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  • Jocasta Shakespeare

Marriage and Catfish

Ernesto came out of the water like an armed warrior: rubber boots, weatherproof trousers, lightweight plastic hoody, visored cap with neck protecting webbing and a bloodstained machete. Not necessarily my type. But then, first impressions can be misleading. As he unbuckled outside the fishing shack, a wild and muscled man of the sea emerged. An energy that shone long-distance through ice-grey eyes. Huge hands handling the shark, seabass and corvina like sleeping babies, laying them gently on the washed slab, ready for evisceration. And when he sharpened his gutting knives, clicking against eachother in a silver whirl, he did so with a cool precision.

I watched him hang the catfish on a spike outside the shack, to advertise the day's catch. 'Ernesto needs a wife' his partner Martin said sliely in Spanish. My Spanish is not good, but I got that. 'She would have to speak very good Spanish' said Ernesto, with a smile. 'But perhaps it would be better if your wife could not always understand what you're saying', I replied.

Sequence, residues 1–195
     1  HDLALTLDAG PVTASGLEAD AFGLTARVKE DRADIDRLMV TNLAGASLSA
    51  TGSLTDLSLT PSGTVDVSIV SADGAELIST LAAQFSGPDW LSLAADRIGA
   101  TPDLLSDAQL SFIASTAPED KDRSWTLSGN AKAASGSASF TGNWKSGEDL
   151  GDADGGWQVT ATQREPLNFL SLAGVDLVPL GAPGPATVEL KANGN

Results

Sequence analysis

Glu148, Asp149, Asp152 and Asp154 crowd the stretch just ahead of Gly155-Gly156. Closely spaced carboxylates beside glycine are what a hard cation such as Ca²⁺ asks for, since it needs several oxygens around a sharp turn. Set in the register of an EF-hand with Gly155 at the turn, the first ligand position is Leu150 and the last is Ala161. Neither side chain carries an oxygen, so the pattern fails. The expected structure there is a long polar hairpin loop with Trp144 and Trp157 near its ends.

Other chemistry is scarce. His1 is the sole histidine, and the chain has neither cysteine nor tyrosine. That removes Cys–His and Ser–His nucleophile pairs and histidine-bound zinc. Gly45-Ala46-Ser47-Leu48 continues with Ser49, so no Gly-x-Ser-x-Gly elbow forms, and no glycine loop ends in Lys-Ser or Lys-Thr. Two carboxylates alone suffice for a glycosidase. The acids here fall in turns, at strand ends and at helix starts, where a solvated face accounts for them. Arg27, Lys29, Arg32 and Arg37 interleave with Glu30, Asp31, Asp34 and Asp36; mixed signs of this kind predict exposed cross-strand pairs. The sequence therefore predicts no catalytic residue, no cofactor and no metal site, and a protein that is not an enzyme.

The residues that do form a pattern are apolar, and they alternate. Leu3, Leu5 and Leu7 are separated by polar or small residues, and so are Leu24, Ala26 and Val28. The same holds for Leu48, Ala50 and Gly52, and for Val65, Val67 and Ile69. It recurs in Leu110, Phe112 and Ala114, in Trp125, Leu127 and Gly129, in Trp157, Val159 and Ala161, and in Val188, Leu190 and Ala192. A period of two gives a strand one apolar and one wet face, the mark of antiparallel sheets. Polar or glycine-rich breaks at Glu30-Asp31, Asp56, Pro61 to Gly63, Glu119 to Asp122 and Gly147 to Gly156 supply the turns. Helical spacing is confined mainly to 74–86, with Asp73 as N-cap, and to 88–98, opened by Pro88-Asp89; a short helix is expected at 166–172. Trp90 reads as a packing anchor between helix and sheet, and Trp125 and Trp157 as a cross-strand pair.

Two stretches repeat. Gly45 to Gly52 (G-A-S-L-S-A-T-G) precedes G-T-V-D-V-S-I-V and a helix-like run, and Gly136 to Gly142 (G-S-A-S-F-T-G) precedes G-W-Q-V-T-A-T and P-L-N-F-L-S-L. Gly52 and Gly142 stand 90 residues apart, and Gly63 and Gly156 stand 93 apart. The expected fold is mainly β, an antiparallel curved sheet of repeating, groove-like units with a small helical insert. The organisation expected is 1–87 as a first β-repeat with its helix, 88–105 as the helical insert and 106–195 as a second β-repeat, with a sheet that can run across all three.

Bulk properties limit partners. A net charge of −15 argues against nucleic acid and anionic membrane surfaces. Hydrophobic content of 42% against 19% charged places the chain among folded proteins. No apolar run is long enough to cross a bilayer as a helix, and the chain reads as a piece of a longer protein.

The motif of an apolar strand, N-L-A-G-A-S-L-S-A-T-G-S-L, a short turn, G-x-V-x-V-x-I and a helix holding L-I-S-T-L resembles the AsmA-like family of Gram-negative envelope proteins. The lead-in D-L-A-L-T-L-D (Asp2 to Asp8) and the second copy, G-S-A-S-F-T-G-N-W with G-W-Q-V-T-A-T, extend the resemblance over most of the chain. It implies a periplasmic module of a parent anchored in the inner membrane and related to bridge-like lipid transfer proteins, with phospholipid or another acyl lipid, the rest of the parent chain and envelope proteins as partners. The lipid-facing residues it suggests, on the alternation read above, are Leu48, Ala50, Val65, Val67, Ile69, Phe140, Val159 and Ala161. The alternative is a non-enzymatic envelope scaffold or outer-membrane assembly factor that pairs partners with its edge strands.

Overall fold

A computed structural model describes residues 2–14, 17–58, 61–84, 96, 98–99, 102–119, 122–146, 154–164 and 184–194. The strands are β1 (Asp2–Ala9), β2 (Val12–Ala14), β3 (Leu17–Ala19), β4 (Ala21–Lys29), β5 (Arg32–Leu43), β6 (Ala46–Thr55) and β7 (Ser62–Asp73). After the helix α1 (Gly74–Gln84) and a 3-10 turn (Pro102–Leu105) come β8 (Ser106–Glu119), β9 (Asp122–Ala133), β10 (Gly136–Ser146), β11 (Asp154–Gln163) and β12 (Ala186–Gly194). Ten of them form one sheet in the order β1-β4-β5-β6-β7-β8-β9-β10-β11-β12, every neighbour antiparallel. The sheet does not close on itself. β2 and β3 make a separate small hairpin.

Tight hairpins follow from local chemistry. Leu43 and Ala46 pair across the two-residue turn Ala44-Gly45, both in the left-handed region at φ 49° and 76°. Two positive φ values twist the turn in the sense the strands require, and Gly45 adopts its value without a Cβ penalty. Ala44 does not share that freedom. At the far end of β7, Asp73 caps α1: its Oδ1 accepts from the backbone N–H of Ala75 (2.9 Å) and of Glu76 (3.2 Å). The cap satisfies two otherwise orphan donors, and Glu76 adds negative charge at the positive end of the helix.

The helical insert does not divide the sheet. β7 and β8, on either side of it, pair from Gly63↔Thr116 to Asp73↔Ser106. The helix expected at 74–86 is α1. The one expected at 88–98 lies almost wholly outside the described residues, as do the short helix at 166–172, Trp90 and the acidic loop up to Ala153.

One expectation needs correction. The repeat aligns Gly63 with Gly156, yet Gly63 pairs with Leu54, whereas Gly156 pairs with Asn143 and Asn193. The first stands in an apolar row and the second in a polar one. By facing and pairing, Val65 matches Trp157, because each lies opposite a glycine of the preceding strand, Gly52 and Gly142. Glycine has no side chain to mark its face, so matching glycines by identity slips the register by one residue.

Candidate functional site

Of course, this was all Latino banter. I am already married. Separated. Boyfriended. Manned up. And although I remain open-minded, aware that life can offer surprising gifts at surprising moments, in this case first impressions were correct. Now Ernesto's knives entered the slippery, wet bodies of the fish and blood poured down onto the sand floor.

When I am working, I usually take a whole fish. The scales are important. I want the fish intact not butchered. But Theo and I were going to eat this one later. So I allowed it to be gutted only. 'Deja le' I say: leave it. Leave the head on, eyes open, tail spread, fresh from confronting death. The Corvina was too big to fit inside Ernesto's plastic bag. My son carried it back for me to our cottage in a small garden behind the dunes. Gilded scales glinting in hot morning light. This was going to be a good one.






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